Biblical Archeology in London. And it caused a
complete sensation because this was very clearly
at a narration of the flood story that was closely related
to this story in Genesis, the story of Noah. But it wasn't complete,
the Babylonian story in the Epic of Gilgamesh. Izdubar, as Smith called it. Bits we're missing,
so the Daily Telegraph provided 1,000 guineas for
George Smith to go out to Iraq and to find the missing piece. As if it was as easy as that. But he did actually
go to Nineveh twice. And he did find the missing
piece of the flood story, believe it or not. Not actually Gilgamesh,
though he did he didn't know that at the time. But another flood story embedded
in another long narrative poem of mythological content. That was so successful the Daily
Telegraph said, job achieved, come home immediately. But he went back and bought
a lot of tablets in Baghdad. And these were not Assyrian
tablets from the north, from Mosul, they
were from the south. And they were different kind
of tablet, slightly later in a different script, but
the same body of material. That is to say there were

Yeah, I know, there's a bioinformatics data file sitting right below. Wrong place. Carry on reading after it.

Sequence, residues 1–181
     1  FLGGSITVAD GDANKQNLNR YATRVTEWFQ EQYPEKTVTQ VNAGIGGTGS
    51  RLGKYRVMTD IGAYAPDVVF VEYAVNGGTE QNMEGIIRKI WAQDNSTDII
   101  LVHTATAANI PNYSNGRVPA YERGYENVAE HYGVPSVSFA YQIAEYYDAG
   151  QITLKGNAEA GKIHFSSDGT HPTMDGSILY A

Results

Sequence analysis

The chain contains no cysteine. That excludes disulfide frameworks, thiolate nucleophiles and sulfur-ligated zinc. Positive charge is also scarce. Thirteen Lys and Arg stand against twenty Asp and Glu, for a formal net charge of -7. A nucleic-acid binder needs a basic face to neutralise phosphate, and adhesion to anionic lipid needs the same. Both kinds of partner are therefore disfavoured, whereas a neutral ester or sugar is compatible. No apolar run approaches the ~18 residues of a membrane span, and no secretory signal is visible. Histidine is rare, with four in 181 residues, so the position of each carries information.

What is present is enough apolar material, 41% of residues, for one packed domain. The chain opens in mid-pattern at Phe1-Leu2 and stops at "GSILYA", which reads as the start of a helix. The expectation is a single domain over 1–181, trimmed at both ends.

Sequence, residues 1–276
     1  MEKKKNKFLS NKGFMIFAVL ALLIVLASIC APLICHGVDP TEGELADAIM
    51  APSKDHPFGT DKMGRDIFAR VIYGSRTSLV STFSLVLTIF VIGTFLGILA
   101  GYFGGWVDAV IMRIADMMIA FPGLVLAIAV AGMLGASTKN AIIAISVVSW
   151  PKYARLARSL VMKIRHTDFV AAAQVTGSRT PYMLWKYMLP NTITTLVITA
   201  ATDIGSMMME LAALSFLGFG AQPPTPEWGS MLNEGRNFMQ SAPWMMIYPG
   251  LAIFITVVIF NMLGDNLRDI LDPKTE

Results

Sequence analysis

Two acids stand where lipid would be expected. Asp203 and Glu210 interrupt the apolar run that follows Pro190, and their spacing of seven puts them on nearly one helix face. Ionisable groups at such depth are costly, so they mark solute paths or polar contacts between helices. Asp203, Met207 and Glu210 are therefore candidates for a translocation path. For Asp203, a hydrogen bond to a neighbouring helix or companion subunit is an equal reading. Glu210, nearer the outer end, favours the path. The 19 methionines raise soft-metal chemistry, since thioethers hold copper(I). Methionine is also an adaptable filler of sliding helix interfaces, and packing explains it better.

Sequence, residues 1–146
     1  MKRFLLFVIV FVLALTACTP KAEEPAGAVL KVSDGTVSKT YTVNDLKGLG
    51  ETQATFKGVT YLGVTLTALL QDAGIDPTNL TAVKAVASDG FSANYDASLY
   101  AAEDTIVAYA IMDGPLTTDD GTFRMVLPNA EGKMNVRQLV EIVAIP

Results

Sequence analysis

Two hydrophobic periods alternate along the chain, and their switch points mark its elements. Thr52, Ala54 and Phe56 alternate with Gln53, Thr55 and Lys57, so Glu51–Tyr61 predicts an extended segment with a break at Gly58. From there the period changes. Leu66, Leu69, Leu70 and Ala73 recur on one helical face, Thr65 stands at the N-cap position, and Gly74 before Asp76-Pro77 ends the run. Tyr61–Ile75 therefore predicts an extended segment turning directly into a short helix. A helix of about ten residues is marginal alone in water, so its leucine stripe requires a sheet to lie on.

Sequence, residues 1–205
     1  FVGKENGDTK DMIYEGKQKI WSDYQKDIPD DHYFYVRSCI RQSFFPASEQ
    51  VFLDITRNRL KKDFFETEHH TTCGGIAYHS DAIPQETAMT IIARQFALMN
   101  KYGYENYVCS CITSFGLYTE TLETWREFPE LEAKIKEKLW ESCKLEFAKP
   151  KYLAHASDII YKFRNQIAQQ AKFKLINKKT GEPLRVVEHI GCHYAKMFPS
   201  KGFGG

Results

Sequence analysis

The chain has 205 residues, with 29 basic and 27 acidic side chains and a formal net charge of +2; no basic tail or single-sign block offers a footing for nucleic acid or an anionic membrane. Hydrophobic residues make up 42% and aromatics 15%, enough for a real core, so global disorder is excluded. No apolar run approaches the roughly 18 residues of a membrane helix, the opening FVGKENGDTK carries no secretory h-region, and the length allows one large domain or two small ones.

Gilgamesh tablets in there. And the British Museum set
about buying these things. They were excavated
by the ordinary people in the mountains of Iraq
for commercial reasons. The local people
sensed that there was a market for these things. George Smith had bought some. So they started digging him up
whether they could find them, and selling to the
British Museum. And the British
Museum bought 20,000. They later sent Hormuzd
Rassam, an Assyrian Christian who had helped– led Nineveh to conduct his
own excavations in the south, in these cities around
about Baghdad, just south of Baghdad, including Babylon. And Rassam brought back another
50,000 Babylonian tablets. So by this time there
were 90,000 tablets in the British Museum, and two
people who could read them. And it's still a bit like that. Assyriology is beset by two
problems, vast quantities of tablets something
like half a million in the museums of the world. And a tiny number of people
who can decipher them. So, in this way, we ensure that
Assyriology will last forever, because we're still
trying to even work on the first 10% of
that half million. But back to Gilgamesh. What happened to these
tablets, the tablets that George Smith
identified as Gilgamesh, is that a young German in his
30s came to the British Museum and copied them, made line